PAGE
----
Researchers construct an intangibles-adjusted profitability measure that can benefit investors.
Giving negative feedback is not easy, but such critiques can be meaningful for both parties if you use the right roadmap. Get advice on this episode of The Insightful Leader.
Good intentions don’t always mean good results. Here’s why humility, and a lot of monitoring, are so important when making big changes.
ETA is one of the fastest-growing paths to entrepreneurship. Here’s how to think about it.
Merging finances helps newlyweds align their financial goals and avoid scorekeeping.
Creating a market isn’t for the faint of heart. But a dose of humility can go a long way.
“It raises the question, do we want to be a society where experimentation is just the norm?”
We’re back with an episode from the archives. On this episode of The Insightful Leader: a blueprint for making strong (and honest) arguments with data.
First, these new positions are held by activists themselves. Over time, this changes.
They’ll also dictate how workers stand to fare.
Don’t give up on checked-out team members. Try these strategies instead.
A new bipartisan bill would prohibit anyone associated with “foreign adversaries” like China from purchasing U.S. farmland. While protecting the U.S. food system and making farmland more affordable to domestic producers by limiting foreign ownership may seem plausible on paper, the reality is more complicated.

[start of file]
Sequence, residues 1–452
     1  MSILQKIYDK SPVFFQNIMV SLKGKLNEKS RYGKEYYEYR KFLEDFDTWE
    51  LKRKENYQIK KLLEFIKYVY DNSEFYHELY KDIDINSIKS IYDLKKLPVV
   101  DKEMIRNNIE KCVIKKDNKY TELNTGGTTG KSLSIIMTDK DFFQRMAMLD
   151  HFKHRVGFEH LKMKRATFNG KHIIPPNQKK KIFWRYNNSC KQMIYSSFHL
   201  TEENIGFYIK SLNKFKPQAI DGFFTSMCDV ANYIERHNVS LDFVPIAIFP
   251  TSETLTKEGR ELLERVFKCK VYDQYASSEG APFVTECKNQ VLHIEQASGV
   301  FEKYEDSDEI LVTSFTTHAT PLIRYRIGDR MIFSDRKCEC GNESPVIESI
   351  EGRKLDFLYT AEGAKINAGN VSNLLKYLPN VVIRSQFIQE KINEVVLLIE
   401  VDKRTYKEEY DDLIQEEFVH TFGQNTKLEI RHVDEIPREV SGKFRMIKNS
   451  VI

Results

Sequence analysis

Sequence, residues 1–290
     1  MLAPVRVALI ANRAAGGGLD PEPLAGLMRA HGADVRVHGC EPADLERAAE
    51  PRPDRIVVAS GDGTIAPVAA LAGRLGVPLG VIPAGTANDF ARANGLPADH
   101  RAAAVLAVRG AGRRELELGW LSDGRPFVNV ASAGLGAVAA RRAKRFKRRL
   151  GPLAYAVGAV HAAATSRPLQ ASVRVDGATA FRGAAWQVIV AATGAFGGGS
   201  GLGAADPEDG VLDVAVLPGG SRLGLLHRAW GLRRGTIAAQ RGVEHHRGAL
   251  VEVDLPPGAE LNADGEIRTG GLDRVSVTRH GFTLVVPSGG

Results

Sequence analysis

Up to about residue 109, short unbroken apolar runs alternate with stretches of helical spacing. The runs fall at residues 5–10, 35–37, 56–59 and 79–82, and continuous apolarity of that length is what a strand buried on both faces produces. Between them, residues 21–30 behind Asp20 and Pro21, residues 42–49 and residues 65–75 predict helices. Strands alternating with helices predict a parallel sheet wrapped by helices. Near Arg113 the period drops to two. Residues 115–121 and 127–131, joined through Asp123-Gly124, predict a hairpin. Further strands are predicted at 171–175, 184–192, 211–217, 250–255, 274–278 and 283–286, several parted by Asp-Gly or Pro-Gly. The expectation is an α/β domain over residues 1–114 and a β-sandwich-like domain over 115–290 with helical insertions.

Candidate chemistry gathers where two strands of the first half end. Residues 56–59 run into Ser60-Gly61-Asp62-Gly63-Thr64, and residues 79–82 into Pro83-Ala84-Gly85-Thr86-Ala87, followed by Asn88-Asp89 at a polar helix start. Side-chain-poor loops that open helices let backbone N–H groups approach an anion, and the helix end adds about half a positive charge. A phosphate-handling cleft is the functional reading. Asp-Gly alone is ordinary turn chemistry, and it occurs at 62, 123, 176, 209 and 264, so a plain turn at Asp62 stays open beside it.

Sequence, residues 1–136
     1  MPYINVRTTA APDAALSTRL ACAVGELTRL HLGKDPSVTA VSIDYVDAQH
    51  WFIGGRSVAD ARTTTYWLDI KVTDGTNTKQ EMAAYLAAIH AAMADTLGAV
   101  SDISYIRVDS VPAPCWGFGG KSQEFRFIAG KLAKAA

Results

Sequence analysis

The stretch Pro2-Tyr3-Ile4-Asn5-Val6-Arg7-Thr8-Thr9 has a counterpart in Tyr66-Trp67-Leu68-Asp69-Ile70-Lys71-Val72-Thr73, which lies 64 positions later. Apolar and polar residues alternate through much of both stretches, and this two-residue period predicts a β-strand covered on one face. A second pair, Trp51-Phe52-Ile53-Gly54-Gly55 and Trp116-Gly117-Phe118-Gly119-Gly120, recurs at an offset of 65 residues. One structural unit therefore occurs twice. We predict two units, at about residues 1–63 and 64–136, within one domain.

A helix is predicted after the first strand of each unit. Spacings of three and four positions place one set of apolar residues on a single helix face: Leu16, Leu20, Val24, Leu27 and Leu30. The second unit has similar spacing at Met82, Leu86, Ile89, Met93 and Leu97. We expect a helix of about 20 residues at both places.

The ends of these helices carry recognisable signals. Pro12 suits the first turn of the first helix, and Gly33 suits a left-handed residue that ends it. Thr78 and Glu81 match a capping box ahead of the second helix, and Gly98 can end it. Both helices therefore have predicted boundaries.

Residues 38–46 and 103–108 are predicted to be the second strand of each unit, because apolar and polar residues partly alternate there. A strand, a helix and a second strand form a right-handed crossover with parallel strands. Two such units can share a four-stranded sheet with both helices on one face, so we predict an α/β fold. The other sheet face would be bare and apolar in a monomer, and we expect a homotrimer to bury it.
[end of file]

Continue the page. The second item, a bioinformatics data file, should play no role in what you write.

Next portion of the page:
Talking politics in this polarized climate is a dicey proposition. On this episode of The Insightful Leader, an expert in the psychology of persuasion offers tips on how to approach the topic constructively.
One reason we think Twitter is such a polarized place: we’re bad at inferring how angry people are from their posts.
Engaging consumers in their natural habitat helps you glean insights that would never be visible in a spreadsheet.
On this episode of The Insightful Leader, we consider the benefits and drawbacks of keeping a very close eye on employees.
Invoking a company’s history can help—and research points to a new way of doing this.
A new study upends popular assumptions about the “pink tax.”